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  • Writer's picturematshakesjones

Restless Insomniac

Updated: Nov 15, 2021

The sounds from Victoria Street drift through my window: cackled laughter of old drunken locals chatting to backpackers in Tropicana Cafe, the hushed voices of teenage lovers under the shelter of the cafe beneath my apartment, road-sweepers blowing dust in every direction, and the pumping sound of bongo drums shaking the Kudu Lounge’s upstairs veranda, as chemical generation ravers of all ages sing aloud to classic house.


Outside my door I was greeted by 20 Thai employees from the Noodle Box restaurant smoking, eating a late dinner; looking famished with hard work dripping down their foreheads. Earlier, near the corner of Nimbin Street, I’d been pulled aside by two heroin addicts asking for change. I gave them cigarettes and chatted about the weather. Kirketon Road Medical Centre was shut, but the street van still prowled the neighbourhood offering free needles to addicts, free condoms to anyone, and ensuring the ladies of the night were safe.


My air con is on: it’s a classic summer night in Darlinghurst. My Croatian gangster neighbour is listening to Metallica’s Enter Sandman in the room next to me. “Hush little baby, don’t say a word,” he sings in a low baritone. The middle-aged Malaysian lady on the other side screams at her son, as the smell of the food bubbling on her stove wafts under my doorway. I turn the tap on for a glass of water and wait for the water to cool, but on a night like this it will always be lukewarm.


I was woken by the itching of a mosquito bite on my leg and then – Fuck! – on my neck as well. I could hear the little bastard emitting a little laugh as he buzzed away, high on my chemical-infused blood.


I give up on sleeping and open my window to the hot, humid night. The tunes from over the road are so good I don’t mind staying awake for a little longer. Rubbish that had covered the footpaths, debris from the day and drunken night, has been cleared leaving pristine streets. The sirens of police and ambulances whirl past. I see the lights first, vehicles second and then sound lingers.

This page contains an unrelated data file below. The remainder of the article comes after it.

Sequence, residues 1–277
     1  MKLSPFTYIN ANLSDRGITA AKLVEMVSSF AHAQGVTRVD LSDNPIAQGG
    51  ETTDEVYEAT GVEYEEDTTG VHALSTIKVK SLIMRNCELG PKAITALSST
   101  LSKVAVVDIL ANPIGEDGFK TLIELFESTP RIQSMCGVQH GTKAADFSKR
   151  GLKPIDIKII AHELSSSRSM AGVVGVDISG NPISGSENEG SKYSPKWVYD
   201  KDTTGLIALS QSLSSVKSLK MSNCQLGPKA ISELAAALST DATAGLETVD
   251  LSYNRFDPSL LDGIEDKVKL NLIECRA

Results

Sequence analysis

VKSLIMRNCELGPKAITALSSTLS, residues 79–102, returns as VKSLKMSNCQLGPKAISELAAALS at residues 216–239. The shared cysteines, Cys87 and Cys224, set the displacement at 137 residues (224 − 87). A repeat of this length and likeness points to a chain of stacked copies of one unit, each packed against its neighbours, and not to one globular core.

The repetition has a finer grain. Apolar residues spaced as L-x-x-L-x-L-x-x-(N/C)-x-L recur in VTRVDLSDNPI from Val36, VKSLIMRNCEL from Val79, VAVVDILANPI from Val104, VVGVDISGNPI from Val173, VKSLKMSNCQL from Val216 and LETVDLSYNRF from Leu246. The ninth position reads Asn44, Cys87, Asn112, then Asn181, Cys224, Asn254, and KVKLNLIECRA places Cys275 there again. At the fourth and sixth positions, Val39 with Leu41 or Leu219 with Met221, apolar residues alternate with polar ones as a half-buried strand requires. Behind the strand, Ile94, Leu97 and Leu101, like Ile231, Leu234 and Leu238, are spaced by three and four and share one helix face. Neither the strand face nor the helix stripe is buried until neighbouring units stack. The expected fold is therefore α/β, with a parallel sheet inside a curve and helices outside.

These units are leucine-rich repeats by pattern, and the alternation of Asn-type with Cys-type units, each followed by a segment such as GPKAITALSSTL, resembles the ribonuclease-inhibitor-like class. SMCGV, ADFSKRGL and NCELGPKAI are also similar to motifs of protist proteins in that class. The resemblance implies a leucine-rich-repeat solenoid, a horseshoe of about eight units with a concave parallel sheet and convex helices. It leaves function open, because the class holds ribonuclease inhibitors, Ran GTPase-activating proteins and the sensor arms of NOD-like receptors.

A big crowd of men leave Oporto carrying burgers and fries. Oporto is the centre of Sydney’s nightlife. Twenty metres from Kings Cross and 300 metres from Oxford Street, it’s the last stopping-off point for food for people heading to the strip clubs or trendy bars of the Cross, or the gay and indie scenes of Oxford Street. Prime real estate and a meeting place for people of all descriptions. Even if you don’t want to talk to other people you are forced to. Shit, what other take-away takes 30 minutes to cook your chips?


I toss my cigarette out the window onto a restaurant roof below me. It joins a woman’s shoe, money that fell out the last time I climbed out there, leaves, an empty bottle of wine, some Lucky Strike the people upstairs smoke, and an empty box of Danny’s pizza. Sitting outside there feeling the breeze and watching the beautiful people walk by, I’ve had some of my happiest memories swigging a beer and talking shit.


Living in this part of the city makes me a tormented soul, cursing the world for having to go to work and stare at a computer screen for 12 hours straight. The DJ at Kudu is playing Donna Summer’s “I Feel Love.” I’m desperate to get out and join the revelry until dawn. But fuck it; I’ve got to work in six hours. I take another herbal sleeping tablet, shut the window and hope my frantic mind stops racing.


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